Tuesday, July 14, 2015

The Surprising Natalie Prass

Natalie Prass is full of surprises. For example, did you know that she's all about that bass? She happily owned up to the body-moving mix that played her on stage at a sold out Bowery Ballroom this past Monday. It included such club classics as the 12" version of The Men All Pause by Klymaxx and Slowes' Comb by Digable Planets - songs you might not have heard in Nashville, where she spent almost a decade before moving back to Richmond, VA, to make her instant-classic debut album

Then there were the bananas. She placed four of them on her amp before greeting the crowd. Since this show was rescheduled from May due to illness, my first thought was potassium deficiency. But no, she's just a lovable eccentric who wanted to share her band's "night nanners" tradition with the audience. Which she did, tossing the fruits into the eagerly outstretched hands of her fans. And yes - by then she had everyone eating out of her hands, whether or not you caught a banana.

While the album, lushly produced by Matthew E. White and Trey Pollard, clearly displays a gifted singer, her talent was even more apparent in concert. Although her natural instrument is a little bit flighty, her control over every sound and - even more importantly - every rhythmic inflection is simply remarkable. She played with phrasing like a jazz chanteuse, finding new hooks in songs I've played to death, all the while producing the beautiful tones exactly as you hear on the record. 

Natalie & Trey
Trey Pollard is also the guitarist in her road band, pulling out shades of Les Paul or Steve Cropper as the situation demanded. He was a great foil for Prass who - surprise, surprise - is also a great performer. She moves to enact each song, either locking into the beat or finding a little bit of theater to emphasize a point, without ever seeming studied. She smiles a lot, talks to the audience and seems to like to improvise a bit. Don't be surprised if there's a charming song called New York City on her next album, she so loved singing the name of our fair metropolis.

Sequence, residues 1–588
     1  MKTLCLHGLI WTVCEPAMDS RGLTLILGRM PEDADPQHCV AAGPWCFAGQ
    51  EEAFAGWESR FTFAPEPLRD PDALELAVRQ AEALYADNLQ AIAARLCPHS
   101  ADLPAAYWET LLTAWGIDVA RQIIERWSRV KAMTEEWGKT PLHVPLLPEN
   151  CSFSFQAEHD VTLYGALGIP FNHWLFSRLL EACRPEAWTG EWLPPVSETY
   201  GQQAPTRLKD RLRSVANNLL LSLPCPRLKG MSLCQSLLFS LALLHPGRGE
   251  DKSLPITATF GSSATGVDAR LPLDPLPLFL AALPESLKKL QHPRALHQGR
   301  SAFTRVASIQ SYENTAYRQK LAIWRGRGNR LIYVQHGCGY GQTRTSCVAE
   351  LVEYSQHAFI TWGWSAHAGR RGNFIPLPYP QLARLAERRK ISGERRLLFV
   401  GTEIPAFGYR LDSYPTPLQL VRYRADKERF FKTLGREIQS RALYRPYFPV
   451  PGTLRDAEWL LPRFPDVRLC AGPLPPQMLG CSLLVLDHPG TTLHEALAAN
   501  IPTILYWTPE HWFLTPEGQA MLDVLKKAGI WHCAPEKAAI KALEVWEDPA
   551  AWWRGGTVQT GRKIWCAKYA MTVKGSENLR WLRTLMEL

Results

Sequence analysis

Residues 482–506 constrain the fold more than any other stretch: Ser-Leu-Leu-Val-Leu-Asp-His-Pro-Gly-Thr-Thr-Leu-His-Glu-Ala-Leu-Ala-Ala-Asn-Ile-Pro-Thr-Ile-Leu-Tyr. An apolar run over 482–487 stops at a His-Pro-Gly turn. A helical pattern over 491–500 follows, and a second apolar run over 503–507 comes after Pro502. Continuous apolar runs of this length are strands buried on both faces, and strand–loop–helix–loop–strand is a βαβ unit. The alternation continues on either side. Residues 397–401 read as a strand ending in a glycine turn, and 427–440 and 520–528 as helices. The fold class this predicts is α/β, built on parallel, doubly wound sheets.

Her sophomore release seems in good hands either way, as she played three or four new songs that all sounded good. But it was in the indelible songs she's already recorded that she and the band really shone. Bird Of Prey, My Baby Don't Understand Me, Christy, etc. -these are all bulletproof songs, testaments to the power of her medium to put a structure to emotion and narrative and then pull us through that creation with irresistible threads of melody, harmony and groove.

My brief time in Nashville last year proved that beyond the rhinestones there is a serious and supportive community of songwriters there, from which Prass clearly benefited. But she's on another plane entirely now and well on her way to a brilliant career. She'll be at the Music Hall of Williamsburg on November 10th and I highly recommend you get your tickets in advance

The opening act was Wilder Maker, a quintet from Brooklyn who had a few surprises of their own, such as a two drummer set up that added loads of texture and excitement. While not every song was my cup of tea, they felt fully formed and bandleader Gabriel Birnbaum is extremely comfortable as a frontman. He's also put in a good portion of his 10,000 hours with his guitar, finger-picking or playing bold chords with ease. His baritone blended nicely with the more dulcet tones of Katie Von Schleicher, who also played keyboard. Based on the way they won over the crowd, which grew steadily throughout their set, I doubt Wilder Mind will be just an opening band for long. 

You might also like:
Matthew E. White: Seeking Transcendence
No Longer A Big Inner
Catching Up With 2015

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